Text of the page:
Candela, Latin American Food, Adelaide, South Australia
Once a traveling food stall bringing delicious South American pastelitos – deep-fried pastries with sweet and savoury fillings- to the mobile masses, Fritangas has recently decided to plant some roots with a permanent location in Goodwood, Adelaide, expanding their menu and drawing the crowds to the them instead.
Owners Oglidis and Mijail
Taking over the popular Venezuelan arepa outlet, Candela, the vibe is upbeat and cheery, carrying through the Latin American energy and positive enthusiasm for life. Fritanga is often used in Nicaragua to describe a restaurant that makes home-style food. But frita also means ‘fried’ in Spanish, and is a typical style of preparation for many street foods across Central and South America. Owners, husband and wife team, Oglidis and Mijail, bring their family recipes already shared at Fritangas and add them to the menu at Candela. No matter what is served, we’re guaranteed it has been made with love and passion.
Candela on Goodwood Road
Using natural ingredients, all from Australia, with no preservatives or artificial colours, we’re happy to get a Latin culinary experience, without the nasties of modern fast food preparation. Hubby is in raptures as he drools over the menu. While many of the items are common throughout Latin American, he spies numerous specialties that are specific to his beloved birthplace, Venezuela. Both savouries and sweets make up the menu and we’re delighted to sample a number of them both.
Candela – with only a small dining space, take-away is a popular option
Bebidas / Beverages
Papelón con Limón is a refreshing beverage made from sugar cane paste, water and a good dose of lime juice. I remember drinking it fondly after long hikes in El Avila (mountain bordering Venezuela’s capital Caracas), and hubby chirps away recalling his mum making it for him when he was just a small niño. Candela’s recipe is mildly sweet and tart, perfect for a warm afternoon, and a great introductory refreshment.
Papelón con Limón
Pastelitos are a street food favourite found across the Southern continent. Little parcels of wheat dough are filled with any number of stuffings, and deep-fried until golden and crisp. The square shape of the pastelito is a family tradition, and we learn that Oglidis’ family, five children, were supported through university and marriages through the selling of this snack via a small street food stall run by their father in Venezuela.
Ricotta and Spinach Pastelito
Candela sells both sweet and savoury versions. Today we sample Ricotta and Spinach, and Minced Beef. The vegetarian option is divine with a hint of sweetness in the mix, while the meaty choice is filling and luscious. Guasacaca (Venezuelan combo of avocado, herbs and lime juice) and chimichurri (Argentinian blend of parsley, garlic and olive oil) sauces are optional condiments.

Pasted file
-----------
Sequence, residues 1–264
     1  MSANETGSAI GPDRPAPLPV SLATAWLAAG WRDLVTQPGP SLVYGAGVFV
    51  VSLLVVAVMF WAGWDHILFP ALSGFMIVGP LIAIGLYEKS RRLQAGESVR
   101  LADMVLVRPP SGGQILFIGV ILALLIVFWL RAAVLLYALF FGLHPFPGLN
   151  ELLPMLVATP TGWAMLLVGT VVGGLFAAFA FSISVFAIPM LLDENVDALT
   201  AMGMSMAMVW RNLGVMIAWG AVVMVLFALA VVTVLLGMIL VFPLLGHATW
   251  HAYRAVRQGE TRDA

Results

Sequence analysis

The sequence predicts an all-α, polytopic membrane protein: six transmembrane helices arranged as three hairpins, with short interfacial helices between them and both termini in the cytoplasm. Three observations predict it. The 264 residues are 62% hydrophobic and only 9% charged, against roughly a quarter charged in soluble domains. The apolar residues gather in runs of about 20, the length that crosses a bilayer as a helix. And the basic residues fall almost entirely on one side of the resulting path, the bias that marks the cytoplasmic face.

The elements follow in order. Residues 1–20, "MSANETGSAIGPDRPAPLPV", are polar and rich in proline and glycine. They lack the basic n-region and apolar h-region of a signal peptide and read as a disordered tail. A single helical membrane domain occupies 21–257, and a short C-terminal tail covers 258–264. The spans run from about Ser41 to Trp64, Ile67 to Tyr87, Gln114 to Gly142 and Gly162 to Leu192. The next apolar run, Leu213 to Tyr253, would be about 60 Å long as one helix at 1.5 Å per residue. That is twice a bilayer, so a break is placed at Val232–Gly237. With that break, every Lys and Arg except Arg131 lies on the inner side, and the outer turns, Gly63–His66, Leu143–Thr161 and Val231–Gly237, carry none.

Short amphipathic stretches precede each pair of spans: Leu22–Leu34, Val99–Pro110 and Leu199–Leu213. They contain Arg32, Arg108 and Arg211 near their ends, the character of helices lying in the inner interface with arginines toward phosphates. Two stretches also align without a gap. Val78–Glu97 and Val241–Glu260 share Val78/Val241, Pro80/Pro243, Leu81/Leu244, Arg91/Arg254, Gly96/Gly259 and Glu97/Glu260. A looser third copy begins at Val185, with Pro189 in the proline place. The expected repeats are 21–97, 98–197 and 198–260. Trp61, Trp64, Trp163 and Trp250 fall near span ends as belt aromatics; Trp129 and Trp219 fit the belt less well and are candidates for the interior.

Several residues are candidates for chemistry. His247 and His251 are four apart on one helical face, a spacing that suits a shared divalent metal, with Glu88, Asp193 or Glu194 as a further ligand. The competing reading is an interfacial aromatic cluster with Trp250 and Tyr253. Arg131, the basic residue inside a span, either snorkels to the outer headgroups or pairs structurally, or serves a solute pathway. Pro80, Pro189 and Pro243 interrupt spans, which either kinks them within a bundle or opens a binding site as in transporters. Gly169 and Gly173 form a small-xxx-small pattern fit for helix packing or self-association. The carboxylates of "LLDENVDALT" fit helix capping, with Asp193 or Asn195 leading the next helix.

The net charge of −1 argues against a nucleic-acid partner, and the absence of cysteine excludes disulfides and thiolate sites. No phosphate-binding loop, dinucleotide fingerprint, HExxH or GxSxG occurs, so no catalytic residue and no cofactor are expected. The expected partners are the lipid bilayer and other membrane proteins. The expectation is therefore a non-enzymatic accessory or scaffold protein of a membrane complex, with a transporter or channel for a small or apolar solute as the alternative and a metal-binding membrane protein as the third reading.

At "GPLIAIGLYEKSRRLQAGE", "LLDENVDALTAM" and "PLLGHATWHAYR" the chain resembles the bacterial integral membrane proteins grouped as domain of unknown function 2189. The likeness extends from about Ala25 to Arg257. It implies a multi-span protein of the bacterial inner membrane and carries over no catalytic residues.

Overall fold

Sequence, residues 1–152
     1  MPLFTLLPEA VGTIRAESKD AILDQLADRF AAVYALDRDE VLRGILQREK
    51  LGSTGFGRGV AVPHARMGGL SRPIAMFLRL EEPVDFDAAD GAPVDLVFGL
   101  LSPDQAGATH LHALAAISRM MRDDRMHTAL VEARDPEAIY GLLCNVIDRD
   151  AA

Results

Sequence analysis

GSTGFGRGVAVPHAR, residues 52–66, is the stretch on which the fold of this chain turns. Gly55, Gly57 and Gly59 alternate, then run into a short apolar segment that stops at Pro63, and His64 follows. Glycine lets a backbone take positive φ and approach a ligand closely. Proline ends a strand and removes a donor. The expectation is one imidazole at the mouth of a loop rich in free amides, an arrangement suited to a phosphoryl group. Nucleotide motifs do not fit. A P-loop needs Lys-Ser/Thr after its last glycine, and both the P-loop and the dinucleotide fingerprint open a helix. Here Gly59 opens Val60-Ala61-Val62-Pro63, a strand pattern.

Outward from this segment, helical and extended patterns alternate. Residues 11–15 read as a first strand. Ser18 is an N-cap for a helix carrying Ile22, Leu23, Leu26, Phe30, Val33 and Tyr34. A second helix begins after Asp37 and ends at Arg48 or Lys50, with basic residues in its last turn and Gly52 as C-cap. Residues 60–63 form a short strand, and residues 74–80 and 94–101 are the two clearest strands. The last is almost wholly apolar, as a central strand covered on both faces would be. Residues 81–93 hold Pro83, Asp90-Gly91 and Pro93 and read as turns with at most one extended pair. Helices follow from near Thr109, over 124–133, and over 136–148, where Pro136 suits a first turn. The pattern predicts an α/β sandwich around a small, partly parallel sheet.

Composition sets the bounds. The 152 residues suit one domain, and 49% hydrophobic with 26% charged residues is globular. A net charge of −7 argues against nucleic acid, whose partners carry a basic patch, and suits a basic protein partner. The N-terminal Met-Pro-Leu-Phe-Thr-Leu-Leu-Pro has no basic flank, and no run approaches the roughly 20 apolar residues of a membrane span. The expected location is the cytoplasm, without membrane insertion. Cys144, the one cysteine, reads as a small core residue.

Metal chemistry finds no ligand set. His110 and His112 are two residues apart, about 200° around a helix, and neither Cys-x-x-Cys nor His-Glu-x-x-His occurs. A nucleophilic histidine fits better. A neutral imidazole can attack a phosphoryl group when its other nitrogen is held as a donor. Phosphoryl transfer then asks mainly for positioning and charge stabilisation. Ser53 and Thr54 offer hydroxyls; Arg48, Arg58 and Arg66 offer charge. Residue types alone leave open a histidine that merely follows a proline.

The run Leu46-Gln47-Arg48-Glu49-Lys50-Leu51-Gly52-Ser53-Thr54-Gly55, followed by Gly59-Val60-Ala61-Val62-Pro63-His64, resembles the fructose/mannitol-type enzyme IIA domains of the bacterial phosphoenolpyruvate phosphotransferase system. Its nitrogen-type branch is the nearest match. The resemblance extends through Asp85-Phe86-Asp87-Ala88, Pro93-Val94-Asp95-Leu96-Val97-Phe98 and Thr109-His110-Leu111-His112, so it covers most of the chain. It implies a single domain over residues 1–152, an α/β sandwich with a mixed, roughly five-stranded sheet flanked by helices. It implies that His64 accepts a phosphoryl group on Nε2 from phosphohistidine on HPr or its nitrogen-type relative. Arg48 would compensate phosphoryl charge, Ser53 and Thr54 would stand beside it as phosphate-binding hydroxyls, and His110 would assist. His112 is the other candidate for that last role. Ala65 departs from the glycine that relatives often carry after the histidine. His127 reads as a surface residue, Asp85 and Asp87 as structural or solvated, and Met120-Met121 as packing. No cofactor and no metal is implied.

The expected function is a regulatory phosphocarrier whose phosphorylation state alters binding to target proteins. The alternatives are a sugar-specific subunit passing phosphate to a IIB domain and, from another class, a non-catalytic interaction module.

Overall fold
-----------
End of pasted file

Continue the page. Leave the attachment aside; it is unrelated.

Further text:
Minced Beef Pastelito
Yuka Frita is presented as sticks of the root vegetable, cassava, deep-fried until perfectly crisp on the outside and moist and soft within. Guasacaca again accompanies for extra flavour, and a wonderful corn mayonnaise is a hit too. These are gorgeous and could easily replace any popular snack eaten alongside a cold beer.
Empanadas are another classic street food found on Venezuelan streets and beaches. A corn dough is used to encase a variety of stuffings, which is then folded over into a crescent shape and quickly deep fried. Made primarily from maize, it’s a low gluten option for those trying to lower their intake.
We try beef, chicken and lamb and find all three worthy of a second order. Lamb is not common in Venezuela, but is rather an attempt at a little local infusion. It gets a thumbs-up from the four of us dining, and once more the sauces are tasty complements.
Hubby’s enthusiasm and ramblings about his native land are only mushrooming with each appearance of a dish from home. Nobody can get a word in. But that’s okay – as long as his lips are moving we stand a chance at getting a taste of the food before he dives in and devours it all.
A well-loved daily staple in Venezuela is the arepa. Made from corn flour, this dense unleavened pocket is often eaten as an accompaniment to a main dish, or served as a meal in itself stuffed with any number of ingredients. We get a tasting platter and adore every single bite: black beans and shredded yellow cheese; shredded beef; chicken and avocado; chicken; and pork. Even the non-Venezuelans at the table give them a seal of approval. Do be sure to order arepas when visiting Candela – they are the most popular item on the menu for good reason.
Mixed Plate of Arepas
Postres / Desserts
By the time we reach the Quesillo, I’m positive hubby is going to explode with excitement, leave an embarrassing puddle of drool on the floor, burst the eardrums of fellow diners with his unabated retelling of childhood memories, or all three!
Quesillo is present at just about any memorable feast in Venezuela, and is often called the Venezuelan version of Spanish flan. It’s quite similar to crème brûlée in taste and texture, except that it uses whole eggs in the recipe, is generally much thicker, and is often covered with delicate caramel syrup. Candela’s rendition is memorable and a faultless way to end the meal.
Free parking is available directly behind the restaurant in a small lot. Tell the staff you have parked there and they will give you a token for free exit. After 5pm, parking is readily available in the street in front of Candela.
The food at Candela proves an authentic taste of Venezuela, and is good value too. The owners aim to fill your tummies for between $12 and $16, which is a great deal in the land Down Under.
Reasons to visit: a real taste of Latin America without having to travel to the other side of the world, Ricotta and Spinach Pastelitos, Lamb Empanada, all of the Arepas, Quesillo.